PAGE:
The latest from the The Museum of Connecticut Glass
31 March 2013
Historical Synopsis of the Museum of Connecticut Glass, Inc.
Founded February 12, 1994, the Museum of Connecticut Glass was organized by a small group of interested Coventry residents (led by the late Pam Papanos) and registered as a historical not-for-profit corporation with the Connecticut Secretary of the State and the Internal Revenue Service as a 501(c)(3) non-profit.
To exhibit, preserve, research and provide education about historical glass made in the numerous glass works and artisans’ shops of Connecticut (from the 18th, 19th, 20th centuries on – this is the nation’s only museum dedicated to glassmaking statewide).
The state of Connecticut, through an act of the General Assembly, deeded the historic Capt. John Turner house (circa 1813) (Turner was the glass company’s manager and maintained the company store in the back “L” of his house) and 2 acres of property to the established organization for the sole purpose of operating it as a public museum dedicated to the Nutmeg state’s glass industries.
Through research and application by the late Jesse Brainard – an independent historian/writer – the federal National Register designated the district surrounding and including the historic Coventry Glass Company site (which includes several currently existing houses from that glassmaking period) as the “National Glass Factory District” (the only such designation in the nation on the National Register). The state of Connecticut followed suit accepting the national designation.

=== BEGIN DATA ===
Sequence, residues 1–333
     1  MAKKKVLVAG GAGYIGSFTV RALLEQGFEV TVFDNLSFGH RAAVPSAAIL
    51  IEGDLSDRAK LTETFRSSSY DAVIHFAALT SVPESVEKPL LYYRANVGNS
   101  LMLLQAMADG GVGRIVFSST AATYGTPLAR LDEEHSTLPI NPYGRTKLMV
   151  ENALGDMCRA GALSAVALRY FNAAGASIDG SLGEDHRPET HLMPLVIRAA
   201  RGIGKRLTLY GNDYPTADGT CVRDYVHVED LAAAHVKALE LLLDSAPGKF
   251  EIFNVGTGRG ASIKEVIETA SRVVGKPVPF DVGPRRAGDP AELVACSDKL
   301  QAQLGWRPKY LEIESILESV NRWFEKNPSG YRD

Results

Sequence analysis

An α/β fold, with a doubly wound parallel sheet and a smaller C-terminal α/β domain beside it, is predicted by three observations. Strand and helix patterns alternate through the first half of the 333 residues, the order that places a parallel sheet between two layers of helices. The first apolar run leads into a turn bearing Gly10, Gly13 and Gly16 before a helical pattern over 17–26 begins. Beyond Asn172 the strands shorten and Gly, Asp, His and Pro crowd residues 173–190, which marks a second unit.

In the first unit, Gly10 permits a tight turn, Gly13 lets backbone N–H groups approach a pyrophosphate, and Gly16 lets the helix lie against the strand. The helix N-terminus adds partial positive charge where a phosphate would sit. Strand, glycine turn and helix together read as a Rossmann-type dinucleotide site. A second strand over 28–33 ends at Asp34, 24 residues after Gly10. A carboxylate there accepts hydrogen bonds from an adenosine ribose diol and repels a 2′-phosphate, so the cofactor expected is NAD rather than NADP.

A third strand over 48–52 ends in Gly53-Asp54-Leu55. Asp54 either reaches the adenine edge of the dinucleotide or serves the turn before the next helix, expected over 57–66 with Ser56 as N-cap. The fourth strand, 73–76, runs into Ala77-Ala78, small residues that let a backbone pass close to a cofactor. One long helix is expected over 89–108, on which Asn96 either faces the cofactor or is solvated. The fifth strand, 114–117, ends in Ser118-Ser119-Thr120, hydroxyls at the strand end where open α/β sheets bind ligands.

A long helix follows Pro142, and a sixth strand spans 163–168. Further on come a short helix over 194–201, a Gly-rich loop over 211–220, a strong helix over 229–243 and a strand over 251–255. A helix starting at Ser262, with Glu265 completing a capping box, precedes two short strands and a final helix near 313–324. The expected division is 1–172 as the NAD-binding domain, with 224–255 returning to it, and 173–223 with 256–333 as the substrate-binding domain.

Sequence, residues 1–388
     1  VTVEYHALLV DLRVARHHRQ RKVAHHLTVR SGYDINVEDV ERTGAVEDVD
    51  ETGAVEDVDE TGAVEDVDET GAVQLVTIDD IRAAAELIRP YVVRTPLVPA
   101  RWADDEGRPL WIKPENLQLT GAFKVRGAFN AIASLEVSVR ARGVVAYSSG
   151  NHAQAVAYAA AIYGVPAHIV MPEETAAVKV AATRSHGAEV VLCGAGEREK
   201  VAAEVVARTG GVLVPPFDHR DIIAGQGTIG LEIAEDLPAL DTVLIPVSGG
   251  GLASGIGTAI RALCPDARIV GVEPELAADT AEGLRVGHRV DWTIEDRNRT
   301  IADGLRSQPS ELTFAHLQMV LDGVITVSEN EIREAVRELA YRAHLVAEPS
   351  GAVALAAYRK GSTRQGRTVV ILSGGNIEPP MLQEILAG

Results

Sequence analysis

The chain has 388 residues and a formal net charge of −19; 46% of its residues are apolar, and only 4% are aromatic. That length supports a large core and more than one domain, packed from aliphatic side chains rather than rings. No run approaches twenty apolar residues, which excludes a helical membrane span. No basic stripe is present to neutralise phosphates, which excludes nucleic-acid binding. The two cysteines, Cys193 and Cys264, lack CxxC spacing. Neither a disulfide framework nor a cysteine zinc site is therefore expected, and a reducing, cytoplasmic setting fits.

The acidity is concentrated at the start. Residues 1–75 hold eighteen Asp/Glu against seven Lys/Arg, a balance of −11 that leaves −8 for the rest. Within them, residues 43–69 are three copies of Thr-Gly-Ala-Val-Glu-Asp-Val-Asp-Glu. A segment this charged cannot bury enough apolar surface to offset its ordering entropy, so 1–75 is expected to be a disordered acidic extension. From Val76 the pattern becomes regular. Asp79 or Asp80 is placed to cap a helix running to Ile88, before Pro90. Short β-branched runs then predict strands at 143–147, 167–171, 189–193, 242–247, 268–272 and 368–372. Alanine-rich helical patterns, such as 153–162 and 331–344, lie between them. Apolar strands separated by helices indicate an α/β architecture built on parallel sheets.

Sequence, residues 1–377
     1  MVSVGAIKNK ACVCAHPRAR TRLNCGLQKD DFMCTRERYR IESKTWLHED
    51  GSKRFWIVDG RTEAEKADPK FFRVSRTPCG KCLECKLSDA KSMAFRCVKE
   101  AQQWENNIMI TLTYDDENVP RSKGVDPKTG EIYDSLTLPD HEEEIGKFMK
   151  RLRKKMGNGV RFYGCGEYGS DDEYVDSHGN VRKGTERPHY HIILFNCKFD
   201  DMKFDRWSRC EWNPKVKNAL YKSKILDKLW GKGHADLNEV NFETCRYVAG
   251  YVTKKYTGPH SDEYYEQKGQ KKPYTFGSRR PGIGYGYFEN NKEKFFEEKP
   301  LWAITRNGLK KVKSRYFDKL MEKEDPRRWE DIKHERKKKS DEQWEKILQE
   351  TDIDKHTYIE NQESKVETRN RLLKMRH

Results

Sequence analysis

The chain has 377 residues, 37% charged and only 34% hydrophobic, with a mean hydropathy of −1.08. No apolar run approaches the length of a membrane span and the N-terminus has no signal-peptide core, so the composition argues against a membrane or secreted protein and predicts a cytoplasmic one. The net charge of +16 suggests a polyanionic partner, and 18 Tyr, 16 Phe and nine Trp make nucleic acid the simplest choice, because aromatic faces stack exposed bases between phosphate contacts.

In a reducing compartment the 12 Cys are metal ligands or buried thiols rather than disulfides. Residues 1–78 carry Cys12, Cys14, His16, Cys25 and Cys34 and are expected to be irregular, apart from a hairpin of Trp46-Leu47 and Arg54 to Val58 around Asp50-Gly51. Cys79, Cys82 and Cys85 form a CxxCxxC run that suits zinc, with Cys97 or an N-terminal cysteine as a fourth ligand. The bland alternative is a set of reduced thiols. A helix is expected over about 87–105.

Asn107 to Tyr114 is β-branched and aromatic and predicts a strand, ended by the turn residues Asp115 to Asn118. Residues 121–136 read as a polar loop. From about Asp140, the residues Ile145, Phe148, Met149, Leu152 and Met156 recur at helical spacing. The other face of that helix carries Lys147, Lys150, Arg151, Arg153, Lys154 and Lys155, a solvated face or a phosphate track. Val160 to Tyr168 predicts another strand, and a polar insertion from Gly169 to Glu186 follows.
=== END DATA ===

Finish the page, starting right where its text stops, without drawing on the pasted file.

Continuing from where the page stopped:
The founders recruited Noel Tomas later in 1994 to serve as President. Noel was an avid bottle and glass collector since the mid sixties plus writer/photographer (Antiques & Arts Weekly, Maine Antique Digest, Hartford Courant, and other antique bottle and specialty publications) as well as publisher of The downeast GLASSMAN, a nationally but briefly circulated tabloid quarterly publication – 1969/1971 – for the bottle collecting hobby. (He is a Columbia Missouri School of Journalism graduate and worked on publications for the State of Missouri and then as a reporter-photographer for The Kansas City Star-Times, and was the Northeast Region organizer – chairman/vice president for the Federation of Historical Bottle Collectors)
Under his leadership to date, the Museum built and has a modest membership, halted the major deterioration the historic Turner, Stebben, Chamberlain house re-roofing to stop the leakage of water into the brick 2-story building (plus single beam full attic) removing the dormer to restore the historical roof line, replaced a defective furnace and is beginning other exterior and interior restorations room by room plus acquiring a historic (circa 1935) University of Connecticut barn and one acre of land. Through grants he has submitted, work was paid for and ongoing utility and repair, renovation, insurance and other bills are covered. Unlike some other “house museums” in Connecticut, he has kept the museum’s funds “in the black” since the museum’s founding. He also has been instrumental in starting through donations and other contributions a small collection consisting of historic Connecticut-produced glass examples, historic early documents from the Pitkin family through other glass companies such as Coventry, Willington and the more recent Knox glass company. And a small, but prestigious annual outdoor antique glass, bottles and other collectibles show & sale is in its 9th year – set for Saturday, May 18, 2013 – the 200th anniversary of the founding of the Coventry Glass Company.